Jonathan Langager has spent a decade working on his animated short about a man stuck alone on an asteroid in space. Just months after premiering “Cosmic Fling,” his story about isolation and the desire for human contact that has suddenly become more relevant than ever.
“We released our film just a few months before everyone went into quarantine, but it’s going to be interesting seeing how people react to it now,” Langager told TheWrap. “We have it set to screen for some virtual film festivals but also some socially distanced outdoor festivals in Europe, and I think people there will really identify with it after being stuck in their homes for so long.”
“Cosmic Fling,” which is one of the finalists of TheWrap’s 2020 ShortList Film Festival, follows an interstellar garbage man picking up trash floating through space, etching the days, weeks and months that go by on a billboard attached to his asteroid home. But one day, he spots a woman floating by on a passing comet and begins plotting a way for them to meet with the help of his trash-catching harpoon.
Starting in 2010, Langager spent years not only tweaking the story of “Cosmic Fling” but also figuring out what would be the best medium to film it in. It was originally conceived as a CGI-animated film, and live-action was also considered at one point. Instead, Langager tried something else: marionettes.
“I’m interested in whatever medium allows me to express my weird fantastic sensibility, but on a budget, there’s something charming about the scrappiness of puppets,” he says.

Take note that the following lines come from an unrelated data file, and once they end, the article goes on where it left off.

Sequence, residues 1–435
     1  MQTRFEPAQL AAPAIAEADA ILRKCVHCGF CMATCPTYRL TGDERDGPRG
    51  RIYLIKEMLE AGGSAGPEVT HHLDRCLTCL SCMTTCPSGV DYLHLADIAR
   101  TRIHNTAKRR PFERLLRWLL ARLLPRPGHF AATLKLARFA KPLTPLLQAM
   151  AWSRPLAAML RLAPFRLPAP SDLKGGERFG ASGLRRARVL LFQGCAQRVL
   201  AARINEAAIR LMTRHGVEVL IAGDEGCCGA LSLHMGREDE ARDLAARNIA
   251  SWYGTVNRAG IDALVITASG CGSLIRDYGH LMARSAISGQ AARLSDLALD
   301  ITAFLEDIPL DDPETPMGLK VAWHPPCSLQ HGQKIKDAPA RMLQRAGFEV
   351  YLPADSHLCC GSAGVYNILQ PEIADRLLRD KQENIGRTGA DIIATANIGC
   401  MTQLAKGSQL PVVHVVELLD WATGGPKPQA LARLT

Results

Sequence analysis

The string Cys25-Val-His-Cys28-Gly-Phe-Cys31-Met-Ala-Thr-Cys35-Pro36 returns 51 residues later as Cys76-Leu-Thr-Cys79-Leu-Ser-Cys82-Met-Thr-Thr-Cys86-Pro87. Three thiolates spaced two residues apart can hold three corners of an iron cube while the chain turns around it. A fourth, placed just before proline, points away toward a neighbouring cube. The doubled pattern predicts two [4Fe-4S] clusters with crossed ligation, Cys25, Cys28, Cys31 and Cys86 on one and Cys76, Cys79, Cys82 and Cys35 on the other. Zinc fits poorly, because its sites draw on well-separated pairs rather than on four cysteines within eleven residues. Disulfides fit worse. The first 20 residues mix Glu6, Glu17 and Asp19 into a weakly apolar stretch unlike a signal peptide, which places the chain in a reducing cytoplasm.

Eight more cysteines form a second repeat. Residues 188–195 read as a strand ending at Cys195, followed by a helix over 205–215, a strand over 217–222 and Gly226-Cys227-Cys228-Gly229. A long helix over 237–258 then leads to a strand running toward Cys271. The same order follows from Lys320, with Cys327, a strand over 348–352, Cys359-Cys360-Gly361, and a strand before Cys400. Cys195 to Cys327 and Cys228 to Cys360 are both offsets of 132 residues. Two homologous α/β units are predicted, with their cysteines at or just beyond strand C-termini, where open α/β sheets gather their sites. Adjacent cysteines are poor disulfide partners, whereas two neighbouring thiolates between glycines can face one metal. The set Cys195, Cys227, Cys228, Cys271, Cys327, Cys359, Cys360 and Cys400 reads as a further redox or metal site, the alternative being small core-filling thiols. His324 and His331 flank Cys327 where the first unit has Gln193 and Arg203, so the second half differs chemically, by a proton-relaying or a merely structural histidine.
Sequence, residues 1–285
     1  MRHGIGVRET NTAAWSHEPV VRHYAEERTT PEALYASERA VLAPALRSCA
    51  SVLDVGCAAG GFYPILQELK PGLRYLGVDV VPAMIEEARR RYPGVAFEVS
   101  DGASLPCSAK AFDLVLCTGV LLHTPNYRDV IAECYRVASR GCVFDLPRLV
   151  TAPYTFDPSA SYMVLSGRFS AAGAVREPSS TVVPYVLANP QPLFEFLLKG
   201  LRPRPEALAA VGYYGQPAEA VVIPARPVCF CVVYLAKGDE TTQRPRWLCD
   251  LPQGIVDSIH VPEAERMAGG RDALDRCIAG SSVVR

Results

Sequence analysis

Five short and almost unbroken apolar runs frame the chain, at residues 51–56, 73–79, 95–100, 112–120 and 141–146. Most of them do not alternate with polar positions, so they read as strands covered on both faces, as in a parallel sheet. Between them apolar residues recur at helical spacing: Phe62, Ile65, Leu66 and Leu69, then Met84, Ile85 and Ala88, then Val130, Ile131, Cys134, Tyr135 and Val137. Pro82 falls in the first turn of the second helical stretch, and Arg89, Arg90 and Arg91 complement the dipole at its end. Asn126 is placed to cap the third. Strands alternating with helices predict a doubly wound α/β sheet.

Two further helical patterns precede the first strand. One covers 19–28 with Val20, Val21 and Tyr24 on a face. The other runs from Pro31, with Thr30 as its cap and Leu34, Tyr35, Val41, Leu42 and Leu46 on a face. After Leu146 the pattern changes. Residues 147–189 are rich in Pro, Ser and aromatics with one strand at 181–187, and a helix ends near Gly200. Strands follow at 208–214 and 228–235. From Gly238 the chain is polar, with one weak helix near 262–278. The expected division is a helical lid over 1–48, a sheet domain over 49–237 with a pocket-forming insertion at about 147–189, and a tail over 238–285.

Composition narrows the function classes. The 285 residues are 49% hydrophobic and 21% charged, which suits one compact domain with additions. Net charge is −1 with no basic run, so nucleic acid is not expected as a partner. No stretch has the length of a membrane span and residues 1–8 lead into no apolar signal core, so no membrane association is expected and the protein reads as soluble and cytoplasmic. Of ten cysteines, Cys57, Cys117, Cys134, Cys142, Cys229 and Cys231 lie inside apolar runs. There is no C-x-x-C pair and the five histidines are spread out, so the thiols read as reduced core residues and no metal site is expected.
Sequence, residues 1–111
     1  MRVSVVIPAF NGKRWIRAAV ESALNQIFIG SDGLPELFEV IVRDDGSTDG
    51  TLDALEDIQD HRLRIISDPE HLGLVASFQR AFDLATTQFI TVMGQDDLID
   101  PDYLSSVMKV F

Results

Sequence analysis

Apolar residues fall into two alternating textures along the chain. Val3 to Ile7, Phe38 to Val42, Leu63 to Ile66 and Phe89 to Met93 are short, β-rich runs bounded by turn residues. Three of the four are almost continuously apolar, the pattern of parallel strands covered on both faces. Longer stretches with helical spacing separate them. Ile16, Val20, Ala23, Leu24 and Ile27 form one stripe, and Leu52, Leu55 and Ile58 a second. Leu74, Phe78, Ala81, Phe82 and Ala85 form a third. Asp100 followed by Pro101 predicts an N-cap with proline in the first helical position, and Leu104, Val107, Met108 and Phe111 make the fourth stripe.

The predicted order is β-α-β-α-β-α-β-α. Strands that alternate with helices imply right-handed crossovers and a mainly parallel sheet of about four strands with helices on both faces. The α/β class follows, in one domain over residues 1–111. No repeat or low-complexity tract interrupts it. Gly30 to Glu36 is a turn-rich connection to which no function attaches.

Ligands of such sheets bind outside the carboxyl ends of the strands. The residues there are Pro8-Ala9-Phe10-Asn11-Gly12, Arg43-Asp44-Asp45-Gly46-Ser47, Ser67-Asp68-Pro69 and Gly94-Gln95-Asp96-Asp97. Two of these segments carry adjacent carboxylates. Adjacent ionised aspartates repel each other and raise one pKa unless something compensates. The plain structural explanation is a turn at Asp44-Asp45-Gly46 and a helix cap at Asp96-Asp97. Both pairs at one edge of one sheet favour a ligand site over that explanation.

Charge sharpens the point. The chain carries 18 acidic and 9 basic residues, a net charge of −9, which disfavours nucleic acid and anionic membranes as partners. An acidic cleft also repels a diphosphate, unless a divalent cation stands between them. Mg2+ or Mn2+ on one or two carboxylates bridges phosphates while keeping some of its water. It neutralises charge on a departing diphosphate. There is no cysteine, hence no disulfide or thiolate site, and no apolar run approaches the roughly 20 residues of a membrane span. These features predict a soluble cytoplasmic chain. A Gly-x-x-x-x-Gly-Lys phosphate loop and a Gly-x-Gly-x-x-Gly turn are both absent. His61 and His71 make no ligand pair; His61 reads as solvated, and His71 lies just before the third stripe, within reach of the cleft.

With the help of master puppeteer Phillip Huber, who worked on the famous puppet scene from “Being John Malkovich,” and a team of crafters and VFX artists, Langager used a mix of practical and computer effects to create the 10-minute short over three days of shooting. Since marionettes do not have the expressiveness of stop-motion puppets, Langager used live-action actors to play the two astronauts, using digital effects to splice their faces into the foggy helmets of the two puppets. While losing that facial expressiveness was a downside of using puppets, Langager says that their ability to easily tell a story through detailed design and physicality without the need for high-tech rendering software makes it worth the trade-off.
“With CGI you can tell the difference sometimes when the animation has a high budget vs. a lower budget. But with our puppets we could express physicality with the characters and the sense of loneliness in the setting on a lower budget. There’s also a bit of a connection to actual space exploration as well because puppets were used on TV when explaining the Apollo missions in the 1960s, so there’s always been that history of using puppets to make space relatable.”
Langager also got some help from the most famous family in the craft. He applied for and received a grant from IBEX Puppetry, a company founded by Jim Henson’s daughter, Heather, to preserve and expand puppetry as an art form. After it was completed, “Cosmic Fling” was screened at the Jim Henson Company headquarters in Hollywood and will be released by the company as part of Heather Henson’s showcase series “Handmade Puppet Dreams.” The film has also received an award for best animated short at the Santa Barbara Film Festival and has also screened at festivals in San Jose, New York and Montreal.